The AP says Burlington Telecom may be a cautionary tale for cities around the the country that contemplate building their own networks.
It is fascinating that this article appears now, as we wait for the audit of Burlington to be published, where we hope to finally discover exactly what went wrong in the network. The Mayor used to allege that Tim Nulty (General Manager who built it) left it in ruin when he resigned.
However, it looked good (not great, but good) at that point. And after the transition, the Mayor's Administration ceased Nulty's policies of transparency, so we would have to take their word for it rather than any proof. For instance, BT ceased to work with citizen oversight committees. This is the same Administration that hid supposed transfers to the network from the City Council and the people.
The very fact that such secrecy was possible is troubling. These networks are intended to behave somewhat transparently and should be independently audited to ensure problems (which may be corrected when found) are not hidden for political reasons. Burlington had a unique structure that allowed the Mayor too much opaque control over the network - something rarely found in the structure of most community networks. (Some things, such as prices paid for content, should remain secret for competitive reasons, but that should not allow the Mayor to hide key metrics regarding the health of the network.)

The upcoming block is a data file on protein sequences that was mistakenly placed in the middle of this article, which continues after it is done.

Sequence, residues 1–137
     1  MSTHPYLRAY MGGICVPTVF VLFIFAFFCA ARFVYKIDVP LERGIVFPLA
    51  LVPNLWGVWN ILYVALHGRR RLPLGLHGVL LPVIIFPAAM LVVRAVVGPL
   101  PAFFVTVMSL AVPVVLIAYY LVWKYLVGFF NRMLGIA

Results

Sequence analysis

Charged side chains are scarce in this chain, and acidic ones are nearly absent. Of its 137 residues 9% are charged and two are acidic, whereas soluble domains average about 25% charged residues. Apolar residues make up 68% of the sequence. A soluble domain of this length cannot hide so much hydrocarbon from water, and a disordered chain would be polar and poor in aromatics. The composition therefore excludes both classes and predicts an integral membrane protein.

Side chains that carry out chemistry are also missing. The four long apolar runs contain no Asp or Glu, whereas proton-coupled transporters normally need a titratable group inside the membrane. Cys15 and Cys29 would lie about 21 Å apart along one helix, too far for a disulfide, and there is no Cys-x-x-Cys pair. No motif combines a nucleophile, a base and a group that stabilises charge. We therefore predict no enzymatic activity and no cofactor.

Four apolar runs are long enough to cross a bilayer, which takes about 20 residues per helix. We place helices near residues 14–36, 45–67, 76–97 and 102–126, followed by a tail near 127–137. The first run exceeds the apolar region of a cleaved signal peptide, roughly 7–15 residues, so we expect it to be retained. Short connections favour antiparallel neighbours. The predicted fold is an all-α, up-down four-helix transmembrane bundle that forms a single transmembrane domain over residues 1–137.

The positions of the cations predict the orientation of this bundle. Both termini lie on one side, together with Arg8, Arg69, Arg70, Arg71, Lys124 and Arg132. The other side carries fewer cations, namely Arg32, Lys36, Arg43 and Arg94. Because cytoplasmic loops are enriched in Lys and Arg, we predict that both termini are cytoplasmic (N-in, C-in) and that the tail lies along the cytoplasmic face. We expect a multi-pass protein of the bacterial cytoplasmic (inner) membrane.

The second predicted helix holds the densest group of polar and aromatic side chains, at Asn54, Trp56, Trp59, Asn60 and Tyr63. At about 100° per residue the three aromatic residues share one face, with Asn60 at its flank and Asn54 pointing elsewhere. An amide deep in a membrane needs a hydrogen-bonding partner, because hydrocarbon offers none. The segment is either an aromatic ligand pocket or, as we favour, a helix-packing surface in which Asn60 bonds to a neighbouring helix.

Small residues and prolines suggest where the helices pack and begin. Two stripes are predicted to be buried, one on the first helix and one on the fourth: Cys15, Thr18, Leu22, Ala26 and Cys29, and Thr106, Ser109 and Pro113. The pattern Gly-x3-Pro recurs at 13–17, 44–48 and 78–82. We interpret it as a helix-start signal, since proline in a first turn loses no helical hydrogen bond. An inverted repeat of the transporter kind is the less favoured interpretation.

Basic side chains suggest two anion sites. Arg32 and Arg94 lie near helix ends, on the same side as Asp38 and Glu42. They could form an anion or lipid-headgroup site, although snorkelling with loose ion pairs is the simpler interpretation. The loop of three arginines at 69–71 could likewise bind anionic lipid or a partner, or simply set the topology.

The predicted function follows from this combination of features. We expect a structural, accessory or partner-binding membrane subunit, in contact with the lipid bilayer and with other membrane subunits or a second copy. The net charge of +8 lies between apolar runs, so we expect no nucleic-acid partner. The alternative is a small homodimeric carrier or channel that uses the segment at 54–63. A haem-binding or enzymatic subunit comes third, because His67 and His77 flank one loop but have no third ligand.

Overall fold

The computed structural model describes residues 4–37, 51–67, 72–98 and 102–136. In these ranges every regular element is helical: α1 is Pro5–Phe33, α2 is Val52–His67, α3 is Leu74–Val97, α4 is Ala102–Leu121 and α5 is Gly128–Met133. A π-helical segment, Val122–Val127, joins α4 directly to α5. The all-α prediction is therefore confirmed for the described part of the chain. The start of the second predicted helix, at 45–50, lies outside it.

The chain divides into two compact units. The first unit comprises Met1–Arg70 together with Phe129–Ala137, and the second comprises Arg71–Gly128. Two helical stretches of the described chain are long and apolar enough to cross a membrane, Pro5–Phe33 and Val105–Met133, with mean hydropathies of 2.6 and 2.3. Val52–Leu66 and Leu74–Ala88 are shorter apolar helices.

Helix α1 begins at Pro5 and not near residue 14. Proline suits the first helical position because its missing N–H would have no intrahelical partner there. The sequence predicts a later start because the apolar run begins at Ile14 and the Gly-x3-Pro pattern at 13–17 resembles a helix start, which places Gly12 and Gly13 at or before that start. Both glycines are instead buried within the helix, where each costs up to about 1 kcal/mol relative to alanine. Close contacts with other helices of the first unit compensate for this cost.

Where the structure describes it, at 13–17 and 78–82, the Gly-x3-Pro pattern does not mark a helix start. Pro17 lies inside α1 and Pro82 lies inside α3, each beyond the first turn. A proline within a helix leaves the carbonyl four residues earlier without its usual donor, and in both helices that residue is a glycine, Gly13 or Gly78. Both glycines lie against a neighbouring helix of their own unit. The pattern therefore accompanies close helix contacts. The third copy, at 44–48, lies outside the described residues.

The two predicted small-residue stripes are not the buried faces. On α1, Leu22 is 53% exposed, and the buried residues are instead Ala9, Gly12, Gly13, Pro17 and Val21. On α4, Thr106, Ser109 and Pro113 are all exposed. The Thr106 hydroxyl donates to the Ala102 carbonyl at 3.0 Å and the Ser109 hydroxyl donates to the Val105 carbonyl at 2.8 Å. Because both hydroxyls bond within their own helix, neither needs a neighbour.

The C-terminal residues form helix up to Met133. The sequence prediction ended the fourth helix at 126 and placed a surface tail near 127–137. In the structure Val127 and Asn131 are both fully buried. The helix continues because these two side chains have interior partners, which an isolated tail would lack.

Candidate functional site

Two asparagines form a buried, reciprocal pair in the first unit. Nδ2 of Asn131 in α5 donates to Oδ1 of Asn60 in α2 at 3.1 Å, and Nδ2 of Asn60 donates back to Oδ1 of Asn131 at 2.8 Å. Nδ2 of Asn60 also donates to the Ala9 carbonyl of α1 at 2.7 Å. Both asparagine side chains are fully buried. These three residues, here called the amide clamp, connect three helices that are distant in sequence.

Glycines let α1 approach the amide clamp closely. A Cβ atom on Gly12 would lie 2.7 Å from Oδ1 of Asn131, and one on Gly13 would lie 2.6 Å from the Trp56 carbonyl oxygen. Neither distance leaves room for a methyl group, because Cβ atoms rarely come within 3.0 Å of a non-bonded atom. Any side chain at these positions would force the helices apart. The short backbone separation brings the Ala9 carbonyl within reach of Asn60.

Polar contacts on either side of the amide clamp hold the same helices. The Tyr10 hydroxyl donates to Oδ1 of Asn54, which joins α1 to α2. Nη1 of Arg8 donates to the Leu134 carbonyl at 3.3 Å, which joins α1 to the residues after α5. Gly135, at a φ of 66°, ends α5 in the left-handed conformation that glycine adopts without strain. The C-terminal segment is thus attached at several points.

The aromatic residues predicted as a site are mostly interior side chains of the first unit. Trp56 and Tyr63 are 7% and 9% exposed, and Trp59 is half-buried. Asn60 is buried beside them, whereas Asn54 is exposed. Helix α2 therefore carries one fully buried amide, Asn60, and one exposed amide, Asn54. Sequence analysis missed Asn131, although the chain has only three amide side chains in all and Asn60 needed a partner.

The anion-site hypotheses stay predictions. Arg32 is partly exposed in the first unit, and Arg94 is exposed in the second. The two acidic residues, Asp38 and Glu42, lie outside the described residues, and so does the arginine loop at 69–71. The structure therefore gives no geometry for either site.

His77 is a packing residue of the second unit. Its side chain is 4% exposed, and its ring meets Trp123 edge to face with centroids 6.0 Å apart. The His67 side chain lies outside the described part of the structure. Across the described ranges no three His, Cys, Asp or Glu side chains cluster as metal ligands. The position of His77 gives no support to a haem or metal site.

There are reasons to believe the Mayor improperly accounted money to BT, which is why we await an audit from the state that we hope will clear up exactly how Burlington Telecom went from being a good example to the worst example of public ownership (something
paid shills from telco and cableco groups critics love to point out).
Author Dave Gram has an odd passage regarding this situation:
In September 2009, BT notified the Vermont Public Service Board that it had used $17 million in city funds in violation of its state license. State officials have been mum about the details of their investigation, and an FBI spokesman, through an assistant, would not confirm or deny a Burlington Free Press report that that agency had stepped in. It's widely believed that apparent license...